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Reporting time-to-event endpoints and response rates in 4 decades of randomized controlled trials in advanced colorectal cancer
Article first published online: 30 SEP 2010
Copyright © 2010 American Cancer Society
Volume 117, Issue 4, pages 832–840, 15 February 2011
How to Cite
Arkenau, H.-T., Nordman, I., Dobbins, T. and Ward, R. (2011), Reporting time-to-event endpoints and response rates in 4 decades of randomized controlled trials in advanced colorectal cancer. Cancer, 117: 832–840. doi: 10.1002/cncr.25636
- Issue published online: 3 FEB 2011
- Article first published online: 30 SEP 2010
- Manuscript Accepted: 3 AUG 2010
- Manuscript Revised: 15 JUL 2010
- Manuscript Received: 22 APR 2010
- overall survival;
- advanced colorectal cancer;
- clinical trials;
- clinical endpoints
Reporting of randomized controlled clinical trials (RCTs) often is suboptimal. Cancer drug trials are complicated further by multiple survival and response endpoints. The authors of this report determined the frequency of reporting of time-to-event endpoints and tumor response outcomes in advanced colorectal cancer and examined the relation between the year of publication and the reported effectiveness of 5-fluorouracil or equivalent agents.
A literature search identified 144 RCTs that involved 35,853 patients. The patient characteristics, trial designs, and methods for endpoint reporting were extracted. The clinical effectiveness of 5-fluorouracil or equivalent agents was analyzed in 3 time periods (pre-1990, 1990s, and 2000s) in 28,636 patients.
One hundred twenty-nine trials (90%) reported overall survival (OS) and response rates; whereas time to progression (44%), duration of response (43%), progression-free survival (22%), and time to treatment failure (12%) were reported less frequently. Except for stable and progressive disease, the frequency of reporting of endpoints did not improve over the period studied. The median OS for patients who received 5-fluorouracil or equivalent agents increased significantly (from 9.4 months before 1990 to 13.5 months after 2000). During the same period, the rate of stable disease increased (38.2%, 40.5%, and 45.1% for pre-1990, 1990s, and 2000s, respectively; P = .004); whereas the rate of progressive disease decreased significantly (39.2%, 33.3%, and 27.8%, respectively; P = .002).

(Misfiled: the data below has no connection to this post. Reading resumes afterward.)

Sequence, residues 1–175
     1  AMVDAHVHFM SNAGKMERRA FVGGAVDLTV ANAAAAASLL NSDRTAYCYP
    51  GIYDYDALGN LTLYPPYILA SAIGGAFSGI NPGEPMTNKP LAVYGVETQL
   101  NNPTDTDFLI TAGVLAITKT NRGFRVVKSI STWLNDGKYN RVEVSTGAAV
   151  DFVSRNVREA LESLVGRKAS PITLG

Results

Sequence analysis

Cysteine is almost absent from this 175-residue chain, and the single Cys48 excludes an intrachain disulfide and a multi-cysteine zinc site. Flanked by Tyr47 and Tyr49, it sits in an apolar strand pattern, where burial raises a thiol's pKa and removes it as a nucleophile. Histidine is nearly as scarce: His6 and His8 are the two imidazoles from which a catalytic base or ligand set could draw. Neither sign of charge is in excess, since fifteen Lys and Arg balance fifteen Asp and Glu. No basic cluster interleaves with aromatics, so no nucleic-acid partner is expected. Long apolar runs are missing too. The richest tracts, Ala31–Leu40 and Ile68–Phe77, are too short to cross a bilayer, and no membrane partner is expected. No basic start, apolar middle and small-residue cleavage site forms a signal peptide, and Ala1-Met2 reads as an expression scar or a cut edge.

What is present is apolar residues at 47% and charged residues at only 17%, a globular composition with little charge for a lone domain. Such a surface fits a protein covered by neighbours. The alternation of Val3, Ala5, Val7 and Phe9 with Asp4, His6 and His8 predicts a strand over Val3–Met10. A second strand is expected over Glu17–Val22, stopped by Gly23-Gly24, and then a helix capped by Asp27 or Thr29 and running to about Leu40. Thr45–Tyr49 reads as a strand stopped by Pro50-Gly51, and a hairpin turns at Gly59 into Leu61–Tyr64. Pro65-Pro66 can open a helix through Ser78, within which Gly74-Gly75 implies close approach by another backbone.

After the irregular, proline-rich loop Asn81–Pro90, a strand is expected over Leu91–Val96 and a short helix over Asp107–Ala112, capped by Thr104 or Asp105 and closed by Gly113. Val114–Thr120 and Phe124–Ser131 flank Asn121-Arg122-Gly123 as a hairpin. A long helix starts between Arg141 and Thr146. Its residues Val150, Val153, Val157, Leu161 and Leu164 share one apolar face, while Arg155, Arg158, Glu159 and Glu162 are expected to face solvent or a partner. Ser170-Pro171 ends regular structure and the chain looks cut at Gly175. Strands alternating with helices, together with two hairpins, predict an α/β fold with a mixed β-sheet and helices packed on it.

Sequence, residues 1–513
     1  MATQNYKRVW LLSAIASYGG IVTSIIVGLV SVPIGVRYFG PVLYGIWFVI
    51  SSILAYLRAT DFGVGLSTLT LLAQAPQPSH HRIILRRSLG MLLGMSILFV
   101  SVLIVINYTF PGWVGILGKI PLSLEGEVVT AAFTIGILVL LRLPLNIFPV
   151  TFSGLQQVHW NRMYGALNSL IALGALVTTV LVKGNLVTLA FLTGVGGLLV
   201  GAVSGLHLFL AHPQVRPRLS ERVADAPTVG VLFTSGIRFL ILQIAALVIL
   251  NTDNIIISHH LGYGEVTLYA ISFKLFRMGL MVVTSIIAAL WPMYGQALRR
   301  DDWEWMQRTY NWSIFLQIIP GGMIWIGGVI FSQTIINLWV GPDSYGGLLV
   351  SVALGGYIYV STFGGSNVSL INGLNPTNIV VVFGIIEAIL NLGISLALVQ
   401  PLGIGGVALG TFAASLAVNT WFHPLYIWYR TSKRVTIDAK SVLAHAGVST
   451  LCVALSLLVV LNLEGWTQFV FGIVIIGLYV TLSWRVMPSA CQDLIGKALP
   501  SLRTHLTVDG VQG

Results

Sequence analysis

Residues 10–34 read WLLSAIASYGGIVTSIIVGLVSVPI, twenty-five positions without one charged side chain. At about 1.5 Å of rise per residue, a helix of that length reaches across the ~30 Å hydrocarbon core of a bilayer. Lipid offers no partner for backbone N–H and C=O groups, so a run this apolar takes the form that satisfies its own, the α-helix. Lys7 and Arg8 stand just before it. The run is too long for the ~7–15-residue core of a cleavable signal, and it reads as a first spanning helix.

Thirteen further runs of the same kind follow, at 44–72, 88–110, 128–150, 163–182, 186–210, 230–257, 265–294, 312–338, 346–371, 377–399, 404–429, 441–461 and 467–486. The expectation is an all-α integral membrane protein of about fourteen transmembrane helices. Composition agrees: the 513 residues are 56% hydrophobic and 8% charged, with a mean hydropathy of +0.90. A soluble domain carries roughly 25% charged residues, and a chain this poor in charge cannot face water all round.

Its likely that the increasing availability of alternative treatments and better supportive care improved OS, whereas the rates of stable and progressive disease altered because of changes in follow-up schedules. Other intermediate endpoints (duration of response and time to progression) remained largely constant over the time course of the current study, making them superior benchmarks for comparison with future studies. Cancer 2011. © 2010 American Cancer Society.